C has been called “God’s Programming Language” in the Glossary of The OpenGL Programmers Guide (“The Red Book”). In 1972, much before a certain Linus Trovalds wrote an operating system called “Linux” just because he had nothing more challenging to do, a certain Dennis Ritchie (later joined by a certain Brian Kernighan) at AT&T Bell Labs wrote the C programming language in order to rewrite an operating system called “UNIX” in order to make it portable across hardware platforms, so that they could play a game called “Space Travel” on one of the unused PDP-7 computers. Like all good programs, it had two purposes – an intended one and an unintended one. The intended one was met, everybody got to play “Space Travel” and everybody was happy. The unintended purpose was also met, and the good folks at AT&T Bell Labs ended up changing the face of computing on planet Earth forever.
- The C Programming Language (2nd Edition), By Brian W. Kernighan and Dennis M. Ritchie (Prentice Hall, 1988 )
- The C Answer Book, By Clovis L. Tondo and Scott E. Gimpel (Prentice Hall, 1989)
About 7 years later, a certain Bjarne Stroustrup took it upon himself to enhance the C programming language, with the intent of finding a compromise between the impractically slow “Simula” programming language (well-suited to large software development) and the fast but too low-level (and hence unsuitable for large software development) “BCPL” language, which was the ancestor of “B”, which was the ancestor of “C”. The first commercial release of C++ was in 1985.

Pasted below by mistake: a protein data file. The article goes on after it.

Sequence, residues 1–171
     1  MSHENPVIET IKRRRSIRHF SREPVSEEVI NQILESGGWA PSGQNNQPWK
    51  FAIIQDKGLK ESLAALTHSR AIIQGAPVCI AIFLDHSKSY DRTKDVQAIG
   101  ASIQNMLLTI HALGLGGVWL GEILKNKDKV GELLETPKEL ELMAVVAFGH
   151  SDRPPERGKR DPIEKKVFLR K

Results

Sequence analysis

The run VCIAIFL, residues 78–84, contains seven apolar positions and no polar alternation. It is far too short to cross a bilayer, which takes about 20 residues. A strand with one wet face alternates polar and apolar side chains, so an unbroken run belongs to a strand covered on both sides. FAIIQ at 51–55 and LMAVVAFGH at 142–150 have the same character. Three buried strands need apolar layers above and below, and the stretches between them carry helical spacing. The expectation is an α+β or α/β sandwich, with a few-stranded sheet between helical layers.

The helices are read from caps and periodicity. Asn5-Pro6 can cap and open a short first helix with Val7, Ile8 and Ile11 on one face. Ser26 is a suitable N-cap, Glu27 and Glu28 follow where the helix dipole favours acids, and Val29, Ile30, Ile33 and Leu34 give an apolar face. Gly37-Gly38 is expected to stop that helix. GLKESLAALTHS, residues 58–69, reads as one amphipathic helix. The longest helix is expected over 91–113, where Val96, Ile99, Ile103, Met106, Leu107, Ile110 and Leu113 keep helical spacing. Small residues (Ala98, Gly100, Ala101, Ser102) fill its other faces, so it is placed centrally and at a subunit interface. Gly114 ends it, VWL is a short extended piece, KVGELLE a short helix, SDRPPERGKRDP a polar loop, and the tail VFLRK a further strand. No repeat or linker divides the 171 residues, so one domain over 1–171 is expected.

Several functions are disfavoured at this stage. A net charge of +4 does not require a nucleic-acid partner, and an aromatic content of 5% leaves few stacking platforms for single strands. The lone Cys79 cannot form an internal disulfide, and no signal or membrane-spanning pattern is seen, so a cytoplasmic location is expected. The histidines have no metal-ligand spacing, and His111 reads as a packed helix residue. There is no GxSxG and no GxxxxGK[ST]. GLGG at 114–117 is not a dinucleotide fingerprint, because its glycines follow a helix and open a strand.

- The Annotated C++ Reference Manual, By Margaret A. Ellis and Bjarne Stroustrup (Addison-Wesley, 1990)
- The C++ Programming Language (3rd Edition), By Bjarne Stroustrup (Addison-Wesley, 1997)
- Thinking in C++ (Volumes 1 & 2), By Bruce Eckel (Free online version at BruceEckel.com, 2000 – 2003)